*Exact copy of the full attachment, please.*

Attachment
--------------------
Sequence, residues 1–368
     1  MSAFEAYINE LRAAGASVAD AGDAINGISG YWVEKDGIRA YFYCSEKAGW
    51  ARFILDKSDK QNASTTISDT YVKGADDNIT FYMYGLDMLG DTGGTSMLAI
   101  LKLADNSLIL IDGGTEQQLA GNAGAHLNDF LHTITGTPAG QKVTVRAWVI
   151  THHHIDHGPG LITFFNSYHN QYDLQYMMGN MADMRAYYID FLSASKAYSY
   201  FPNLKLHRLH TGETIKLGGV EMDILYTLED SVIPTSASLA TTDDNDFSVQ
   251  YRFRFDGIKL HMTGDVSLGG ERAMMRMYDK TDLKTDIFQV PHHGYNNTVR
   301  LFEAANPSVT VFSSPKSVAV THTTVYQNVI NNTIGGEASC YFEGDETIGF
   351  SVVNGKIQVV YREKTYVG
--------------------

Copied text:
Sequence, residues 1–368
     1  MSAFEAYINE LRAAGASVAD AGDAINGISG YWVEKDGIRA YFYCSEKAGW
    51  ARFILDKSDK QNASTTISDT YVKGADDNIT FYMYGLDMLG DTGGTSMLAI
   101  LKLADNSLIL IDGGTEQQLA GNAGAHLNDF LHTITGTPAG QKVTVRAWVI
   151  THHHIDHGPG LITFFNSYHN QYDLQYMMGN MADMRAYYID FLSASKAYSY
   201  FPNLKLHRLH TGETIKLGGV EMDILYTLED SVIPTSASLA TTDDNDFSVQ
   251  YRFRFDGIKL HMTGDVSLGG ERAMMRMYDK TDLKTDIFQV PHHGYNNTVR
   301  LFEAANPSVT VFSSPKSVAV THTTVYQNVI NNTIGGEASC YFEGDETIGF
   351  SVVNGKIQVV YREKTYVG